Uber’s Didi exhibit signals progress
By investing, by valuing, on Wall Street in general, assets can turn into liabilities (and vice versa) in an instant.
This is particularly true when a company has a stake in another, and that, according to the laws of the structure of the company, has the right to share the profits, fortunes … or, in some cases, the misfortunes of their strategic or financial holdings.
Take the case of Uber, which in 2016 sold its activities in China to Didi. At the time the deal was announced, Uber owned 20% of Uber’s capital, Uber $ 1 billion from Didi. As the Wall Street Journal reported at the time, the swap came after Uber invested billions of dollars in its Chinese operations and instead chose to become one of Didi’s major shareholders.
The old adage might apply here that if you can’t beat them, then join them – or at least buy a piece of them.
At the time, Uber CEO Travis Kalanick said that buying a little Didi “frees up substantial resources for bold initiatives focused on the future of cities – from autonomous driving technology to future of food and logistics. Operating in China “is only possible with profitability. We were a young American company entering a country where most of the American Internet companies had failed to crack the code and with the product that needed to be rebuilt, ”he said in the statement. More recently, the stake was reduced to 12% as Uber sold some of its stakes.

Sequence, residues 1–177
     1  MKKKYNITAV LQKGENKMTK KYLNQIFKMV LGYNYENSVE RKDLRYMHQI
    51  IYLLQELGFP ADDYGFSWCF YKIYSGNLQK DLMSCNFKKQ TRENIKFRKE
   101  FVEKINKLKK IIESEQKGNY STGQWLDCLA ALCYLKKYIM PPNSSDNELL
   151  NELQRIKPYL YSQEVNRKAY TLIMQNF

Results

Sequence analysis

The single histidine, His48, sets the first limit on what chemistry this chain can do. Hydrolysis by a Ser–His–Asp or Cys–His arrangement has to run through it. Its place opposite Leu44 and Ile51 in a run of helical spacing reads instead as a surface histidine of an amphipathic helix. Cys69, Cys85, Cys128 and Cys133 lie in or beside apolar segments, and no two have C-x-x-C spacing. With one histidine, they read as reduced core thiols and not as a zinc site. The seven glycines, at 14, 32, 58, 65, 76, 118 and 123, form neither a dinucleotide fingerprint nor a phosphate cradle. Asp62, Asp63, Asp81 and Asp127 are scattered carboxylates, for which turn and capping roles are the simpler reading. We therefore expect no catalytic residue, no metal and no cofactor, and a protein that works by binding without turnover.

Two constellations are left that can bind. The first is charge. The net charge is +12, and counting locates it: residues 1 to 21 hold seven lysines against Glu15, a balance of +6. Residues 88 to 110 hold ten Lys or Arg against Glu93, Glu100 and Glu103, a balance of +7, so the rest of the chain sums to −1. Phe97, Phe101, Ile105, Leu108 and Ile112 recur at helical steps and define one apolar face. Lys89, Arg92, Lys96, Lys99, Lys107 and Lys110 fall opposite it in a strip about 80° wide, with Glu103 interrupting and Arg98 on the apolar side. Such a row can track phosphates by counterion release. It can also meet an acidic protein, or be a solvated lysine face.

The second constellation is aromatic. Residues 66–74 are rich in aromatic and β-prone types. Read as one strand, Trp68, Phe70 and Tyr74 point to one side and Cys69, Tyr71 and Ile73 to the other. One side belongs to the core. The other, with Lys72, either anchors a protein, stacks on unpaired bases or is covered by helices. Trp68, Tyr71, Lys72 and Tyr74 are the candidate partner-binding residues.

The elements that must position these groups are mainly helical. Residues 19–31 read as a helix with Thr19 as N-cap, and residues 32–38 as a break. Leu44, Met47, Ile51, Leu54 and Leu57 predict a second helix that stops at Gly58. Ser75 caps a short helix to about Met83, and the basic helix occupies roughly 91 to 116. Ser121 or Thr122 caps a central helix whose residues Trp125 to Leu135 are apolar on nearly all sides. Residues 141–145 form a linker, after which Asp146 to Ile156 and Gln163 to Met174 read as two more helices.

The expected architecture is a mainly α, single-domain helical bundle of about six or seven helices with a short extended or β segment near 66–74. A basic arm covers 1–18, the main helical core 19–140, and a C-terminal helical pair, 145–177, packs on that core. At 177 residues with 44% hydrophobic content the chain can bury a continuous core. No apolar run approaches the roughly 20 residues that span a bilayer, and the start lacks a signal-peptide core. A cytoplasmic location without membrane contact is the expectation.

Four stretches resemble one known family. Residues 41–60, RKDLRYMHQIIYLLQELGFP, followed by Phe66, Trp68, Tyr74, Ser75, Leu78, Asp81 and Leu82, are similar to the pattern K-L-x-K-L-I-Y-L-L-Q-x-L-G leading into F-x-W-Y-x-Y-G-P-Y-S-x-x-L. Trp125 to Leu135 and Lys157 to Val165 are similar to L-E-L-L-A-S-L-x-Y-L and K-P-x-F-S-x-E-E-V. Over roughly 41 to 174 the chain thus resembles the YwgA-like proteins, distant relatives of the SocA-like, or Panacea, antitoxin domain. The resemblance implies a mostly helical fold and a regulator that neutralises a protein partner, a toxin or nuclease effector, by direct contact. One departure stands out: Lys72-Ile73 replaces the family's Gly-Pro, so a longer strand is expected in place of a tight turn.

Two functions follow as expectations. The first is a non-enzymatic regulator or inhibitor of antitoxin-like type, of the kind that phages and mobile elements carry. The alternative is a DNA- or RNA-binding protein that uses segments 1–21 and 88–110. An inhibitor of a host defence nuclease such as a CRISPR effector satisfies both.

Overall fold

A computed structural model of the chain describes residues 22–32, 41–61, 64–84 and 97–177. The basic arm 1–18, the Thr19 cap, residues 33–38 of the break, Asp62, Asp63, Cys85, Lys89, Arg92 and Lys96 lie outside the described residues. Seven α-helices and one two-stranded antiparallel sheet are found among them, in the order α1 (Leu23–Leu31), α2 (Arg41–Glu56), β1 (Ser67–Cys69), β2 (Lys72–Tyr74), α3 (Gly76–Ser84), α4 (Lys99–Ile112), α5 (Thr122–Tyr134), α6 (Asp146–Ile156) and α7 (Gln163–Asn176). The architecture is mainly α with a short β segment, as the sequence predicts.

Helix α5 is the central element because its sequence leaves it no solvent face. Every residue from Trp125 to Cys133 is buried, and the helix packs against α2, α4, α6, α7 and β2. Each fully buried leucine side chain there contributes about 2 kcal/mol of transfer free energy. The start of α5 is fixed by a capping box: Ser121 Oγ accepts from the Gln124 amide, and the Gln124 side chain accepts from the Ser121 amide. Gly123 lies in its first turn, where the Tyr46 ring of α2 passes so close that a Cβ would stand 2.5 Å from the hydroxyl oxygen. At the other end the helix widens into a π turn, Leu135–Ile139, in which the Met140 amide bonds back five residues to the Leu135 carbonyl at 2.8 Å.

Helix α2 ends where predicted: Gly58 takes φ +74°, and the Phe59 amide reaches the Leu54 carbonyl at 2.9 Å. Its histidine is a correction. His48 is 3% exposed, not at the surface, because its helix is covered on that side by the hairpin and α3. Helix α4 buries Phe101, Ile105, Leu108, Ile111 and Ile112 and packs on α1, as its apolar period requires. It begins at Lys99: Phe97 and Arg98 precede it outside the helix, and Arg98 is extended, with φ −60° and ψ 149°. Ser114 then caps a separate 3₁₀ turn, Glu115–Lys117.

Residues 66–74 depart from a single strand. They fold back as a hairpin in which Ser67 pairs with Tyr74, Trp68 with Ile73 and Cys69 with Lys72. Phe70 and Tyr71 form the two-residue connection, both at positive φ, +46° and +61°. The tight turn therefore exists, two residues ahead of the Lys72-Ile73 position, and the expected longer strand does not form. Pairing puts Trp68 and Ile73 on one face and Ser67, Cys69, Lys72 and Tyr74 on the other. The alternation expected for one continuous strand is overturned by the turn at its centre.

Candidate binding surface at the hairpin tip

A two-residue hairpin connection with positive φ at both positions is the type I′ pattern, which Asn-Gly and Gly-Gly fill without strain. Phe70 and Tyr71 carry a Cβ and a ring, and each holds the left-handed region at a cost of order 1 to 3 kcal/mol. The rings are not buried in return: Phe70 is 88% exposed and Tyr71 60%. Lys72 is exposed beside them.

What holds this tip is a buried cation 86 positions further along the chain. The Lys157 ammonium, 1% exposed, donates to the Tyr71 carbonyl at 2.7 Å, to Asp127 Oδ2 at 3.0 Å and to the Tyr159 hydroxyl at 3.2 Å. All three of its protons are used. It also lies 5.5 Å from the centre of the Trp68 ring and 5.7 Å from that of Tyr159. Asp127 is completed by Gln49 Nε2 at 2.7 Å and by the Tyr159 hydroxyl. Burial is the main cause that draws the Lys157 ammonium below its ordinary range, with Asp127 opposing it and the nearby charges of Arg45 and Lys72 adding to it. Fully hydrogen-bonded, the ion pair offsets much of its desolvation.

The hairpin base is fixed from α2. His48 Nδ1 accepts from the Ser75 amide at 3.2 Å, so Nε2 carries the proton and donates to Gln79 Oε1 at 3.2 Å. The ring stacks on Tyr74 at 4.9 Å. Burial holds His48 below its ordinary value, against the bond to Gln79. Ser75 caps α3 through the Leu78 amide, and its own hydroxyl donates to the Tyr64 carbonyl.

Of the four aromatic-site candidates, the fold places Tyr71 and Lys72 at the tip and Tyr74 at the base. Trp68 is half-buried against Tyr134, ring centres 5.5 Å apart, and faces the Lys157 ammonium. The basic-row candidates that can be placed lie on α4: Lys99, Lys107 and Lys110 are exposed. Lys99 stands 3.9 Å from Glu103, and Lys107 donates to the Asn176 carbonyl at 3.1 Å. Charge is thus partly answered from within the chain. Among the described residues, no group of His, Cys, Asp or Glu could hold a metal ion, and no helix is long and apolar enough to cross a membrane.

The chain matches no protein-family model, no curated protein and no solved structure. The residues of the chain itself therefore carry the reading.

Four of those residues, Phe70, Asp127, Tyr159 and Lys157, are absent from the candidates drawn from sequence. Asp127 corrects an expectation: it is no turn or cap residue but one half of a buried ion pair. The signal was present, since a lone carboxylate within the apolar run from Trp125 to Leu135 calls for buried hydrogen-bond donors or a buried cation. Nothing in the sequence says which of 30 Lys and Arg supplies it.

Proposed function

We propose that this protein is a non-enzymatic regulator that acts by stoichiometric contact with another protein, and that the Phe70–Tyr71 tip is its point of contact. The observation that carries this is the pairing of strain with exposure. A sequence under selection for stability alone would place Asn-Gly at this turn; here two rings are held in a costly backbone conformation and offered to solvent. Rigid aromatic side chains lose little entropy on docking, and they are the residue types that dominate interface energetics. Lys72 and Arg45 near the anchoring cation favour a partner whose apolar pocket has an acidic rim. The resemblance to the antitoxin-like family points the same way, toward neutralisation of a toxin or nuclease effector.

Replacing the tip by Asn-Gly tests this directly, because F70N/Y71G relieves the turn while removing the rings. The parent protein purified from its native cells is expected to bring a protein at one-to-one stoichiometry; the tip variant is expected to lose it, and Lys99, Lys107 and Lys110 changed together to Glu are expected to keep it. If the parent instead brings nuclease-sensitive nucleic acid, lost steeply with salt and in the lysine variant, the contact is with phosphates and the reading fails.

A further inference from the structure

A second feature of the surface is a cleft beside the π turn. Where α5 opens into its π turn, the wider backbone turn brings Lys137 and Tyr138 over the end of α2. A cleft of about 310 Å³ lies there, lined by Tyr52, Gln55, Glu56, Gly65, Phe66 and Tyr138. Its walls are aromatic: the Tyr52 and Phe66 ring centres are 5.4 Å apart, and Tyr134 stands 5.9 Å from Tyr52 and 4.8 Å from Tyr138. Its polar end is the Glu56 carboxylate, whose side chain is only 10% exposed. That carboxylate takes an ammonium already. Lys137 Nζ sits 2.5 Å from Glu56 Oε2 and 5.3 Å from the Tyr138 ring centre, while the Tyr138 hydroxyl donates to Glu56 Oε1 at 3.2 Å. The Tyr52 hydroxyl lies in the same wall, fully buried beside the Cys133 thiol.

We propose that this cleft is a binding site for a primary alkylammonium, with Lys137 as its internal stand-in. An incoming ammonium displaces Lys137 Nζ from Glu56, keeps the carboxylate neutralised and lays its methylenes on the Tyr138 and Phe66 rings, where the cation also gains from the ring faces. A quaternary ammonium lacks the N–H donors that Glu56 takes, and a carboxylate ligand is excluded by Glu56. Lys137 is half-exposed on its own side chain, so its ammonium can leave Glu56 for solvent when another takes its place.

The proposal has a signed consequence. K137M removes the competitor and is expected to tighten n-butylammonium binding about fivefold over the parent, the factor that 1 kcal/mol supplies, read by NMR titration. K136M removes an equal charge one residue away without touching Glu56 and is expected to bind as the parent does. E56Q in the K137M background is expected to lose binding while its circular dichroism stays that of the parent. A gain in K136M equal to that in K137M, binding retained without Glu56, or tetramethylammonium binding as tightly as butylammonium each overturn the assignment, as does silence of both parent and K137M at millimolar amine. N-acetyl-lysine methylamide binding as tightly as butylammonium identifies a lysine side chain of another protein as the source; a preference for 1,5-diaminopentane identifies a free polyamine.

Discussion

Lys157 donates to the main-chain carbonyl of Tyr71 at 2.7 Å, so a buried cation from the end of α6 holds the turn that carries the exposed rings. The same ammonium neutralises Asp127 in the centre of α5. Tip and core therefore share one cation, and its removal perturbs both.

Sharing Didi’s fortune
We note that owning 12% of a company plagued with regulatory issues and other pressures means you get 12% of those pressures. You share the losses, as they accumulate and you hold the bet. We noted earlier in this space that Didi only makes a fraction of its sales (around 2%) from sites outside of China. So that means there is very little diversification away from headwinds, for example, being ditched from a WeChat or Alipay.
Uber, for its part, struggles with its own issues. In the latest earnings presentation in May, the company said its book value in Didi was worth $ 5.9 billion; It remains to be seen if there will be any write-downs in the coming quarters given the uproar around Didi, which has seen its stock drop since its initial public offering (IPO) and is disappearing from app stores in China.
As we noted in this earnings report, there are at least some green shoots in the core business of mobility, even as the business continues to pivot towards delivery. Gross delivery bookings increased about 166% in the last quarter, and the total number of trips made on the company’s platform remained stable year over year. Uber continues to post net losses, at $ 108 million last quarter, but the operating loss was $ 1.5 billion in the same quarter.
Bumpy roads lie ahead, at least for Uber’s exposure, by proxy, of sorts, to China.